Meet Kat Spangler Kimmel

For Kat Spangler Kimmel, everyone has a story to tell and she is happy to listen to them. Those stories allow Kimmel to learn more about the storyteller and to become a better person.

The sign over her office door at University Baptist Church in Hattiesburg says, “Kat Spangler, Associate Minister.” She’s been at the church since 2013, but she recently married Tom Kimmel, a nationally-known songwriter and musician.

Tom Kimmel knows about storyteller, having had songs recorded by many popular artists, including Johnny Cash, Waylon Jennings, Linda Ronstadt, Joe Cocker and Randy Travis.

For Kat Kimmel, the stories she heard as she traveled from her home in North Carolina to South Africa and then back to work as a hospice chaplain were difficult and priceless.

“It can be pretty intense (as a hospice chaplain), but I enjoyed it and I got to meet a lot of amazing people,” she said. “That’s one of those jobs where you get to hear stories and so many people don’t get to meet different types of people. Everybody experiences death at some point, so you get to hear all sorts of stories. There are some incredible people around in this world.”

The stories she heard touched her deeply and gave her an outlook on people that comes from listening.

“There are so many special and sacred moments that you get to be in because of your position,” she said. “So many people aren’t invited into those spaces. I think hearing people’s stories helps you understand them so much more.

A person’s story defines them, Kimmel said.

“I used to say, ‘You can’t hate anybody when you’ve heard their story’ because there is usually something that has led them to who they are,” she said. “When you hear their stories, you begin to understand them a little more and you can work together. You can give love and grace to one another when you know each other. You feel a connection and it makes you a better person.”

At University Baptist Church, located at 3200 W. Arlington Loop in Hattiesburg, Kimmel has been able to make connections locally because of the church’s emphasis on three main areas.

“What we have named as our qualities are inquisitive, inclusive and community-minded,” she said. “Those are the main strongholds that we have said. I think it’s easy to say that you’re inclusive, but that’s not always the case. I’ve heard stories of deacons standing at doors so certain people cannot come in or conversations after the worship or ‘Yeah, you can come, but you can’t be a member.’ Those aren’t churches that I’ve participated in, but those are things I have heard or are historical. We really, really do strive to be inclusive, although we all still have our baggage too.”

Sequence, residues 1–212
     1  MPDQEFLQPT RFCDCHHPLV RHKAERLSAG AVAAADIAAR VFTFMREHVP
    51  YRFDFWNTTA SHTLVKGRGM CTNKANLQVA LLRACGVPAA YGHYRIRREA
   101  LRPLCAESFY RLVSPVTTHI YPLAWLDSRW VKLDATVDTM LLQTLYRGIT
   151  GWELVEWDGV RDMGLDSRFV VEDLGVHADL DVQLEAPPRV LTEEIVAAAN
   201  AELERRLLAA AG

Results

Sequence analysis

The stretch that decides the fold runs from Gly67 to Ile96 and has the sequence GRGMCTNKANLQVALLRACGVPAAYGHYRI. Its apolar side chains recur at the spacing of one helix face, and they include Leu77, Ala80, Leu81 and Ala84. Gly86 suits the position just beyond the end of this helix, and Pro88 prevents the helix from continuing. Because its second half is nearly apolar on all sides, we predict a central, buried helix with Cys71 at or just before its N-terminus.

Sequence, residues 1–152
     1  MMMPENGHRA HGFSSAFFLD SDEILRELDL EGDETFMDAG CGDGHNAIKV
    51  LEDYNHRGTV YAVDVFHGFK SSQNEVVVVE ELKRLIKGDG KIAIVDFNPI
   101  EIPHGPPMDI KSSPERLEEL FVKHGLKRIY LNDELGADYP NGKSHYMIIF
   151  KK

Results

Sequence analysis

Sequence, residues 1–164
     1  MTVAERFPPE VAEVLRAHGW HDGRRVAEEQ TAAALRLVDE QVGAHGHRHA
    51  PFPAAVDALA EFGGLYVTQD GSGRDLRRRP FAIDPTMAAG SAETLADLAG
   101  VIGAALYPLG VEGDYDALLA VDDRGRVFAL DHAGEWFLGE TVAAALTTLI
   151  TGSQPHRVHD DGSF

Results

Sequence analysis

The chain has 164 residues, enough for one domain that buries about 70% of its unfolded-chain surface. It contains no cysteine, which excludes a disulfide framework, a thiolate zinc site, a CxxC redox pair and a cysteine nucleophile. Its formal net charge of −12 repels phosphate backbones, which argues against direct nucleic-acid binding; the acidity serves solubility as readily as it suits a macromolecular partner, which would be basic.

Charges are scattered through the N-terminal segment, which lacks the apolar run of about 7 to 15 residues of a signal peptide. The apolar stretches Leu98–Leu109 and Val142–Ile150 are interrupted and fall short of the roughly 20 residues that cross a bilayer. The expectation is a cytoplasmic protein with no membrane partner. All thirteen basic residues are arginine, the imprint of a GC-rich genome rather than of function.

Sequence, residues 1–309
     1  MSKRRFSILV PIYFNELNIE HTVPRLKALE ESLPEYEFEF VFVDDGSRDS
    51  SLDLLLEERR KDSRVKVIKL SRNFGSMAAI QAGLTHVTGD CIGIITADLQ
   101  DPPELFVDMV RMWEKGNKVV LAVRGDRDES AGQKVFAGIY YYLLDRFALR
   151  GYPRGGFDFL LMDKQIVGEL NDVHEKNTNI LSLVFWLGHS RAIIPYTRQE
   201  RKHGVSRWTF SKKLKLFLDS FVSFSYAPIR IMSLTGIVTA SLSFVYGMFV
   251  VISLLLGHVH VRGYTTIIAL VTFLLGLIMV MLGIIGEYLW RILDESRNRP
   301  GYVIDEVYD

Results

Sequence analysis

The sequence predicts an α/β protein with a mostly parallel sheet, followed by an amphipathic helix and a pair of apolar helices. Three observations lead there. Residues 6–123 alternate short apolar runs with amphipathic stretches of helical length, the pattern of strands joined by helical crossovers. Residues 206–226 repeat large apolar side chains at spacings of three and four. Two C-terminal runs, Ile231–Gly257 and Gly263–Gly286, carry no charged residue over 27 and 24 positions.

“We really strive to be a place that knows our community,” she said. “Again, we have work to do there. We want to know our neighbors; we want to care for those around us. So our local missions and our partnerships in the community are really important to us.”

The church’s mission work includes the Thames Elementary School gardens, Bread Basket, the college ministry, the Southern Miss School of Music, Habitat for Humanity, a prison ministry and the wildly successful Back Door Coffeehouse, which brings in writers and musicians for a monthly concert and also hold an annual series of workshops called Tripod.

David Walker, who organizes the Coffeehouse, mentioned Tom as the perfect person to introduce this arts weekend. So Kimmel was hired along with an actress; she did a one-woman show improv classes and storytelling classes, Kat Kimmel said.

“Then Tom came and did poetry and songwriting workshops and played for us,” she said. “That was my real introduction to Tom; I had met him briefly one time at a show. I was kind of captured by him this time, and I got time to sit down with him and have some conversation with him.”

Kimmel said Walker told Tom that he really needed to get to know her and spend some time with her.

“So Tom came up a couple of times and said, ‘Hey, can we spend some time together?’” she said. “‘I really want to get to know you a little bit. You hired me and I want to know who you are.’ He was playing in the service the next Sunday morning, so we decided to go to lunch after the service and get to know each other a little bit better. And we did; we spent two hours at Tabella’s telling stories and stories and stories. We came back to the church and we had an art show in the gallery. We looked at all of the art there and I guess there were no more excuses to keep him here. I walked him out to his car and he said he wanted to give me a CD like he had when he performed here. Then he gave me six, so I felt like I had an ‘in.’”

Kimmel asked Tom if she could give him her phone number so he could call her later and he did.

“That was the beginning,” she said. “What I love is that he said he never would have asked me for my number because here was here as a ‘professional.’ I said I don’t let those things stop me. I love to say that I guess I’m just not that professional.”

It’s the kind of story the Kimmels love to tell.

 

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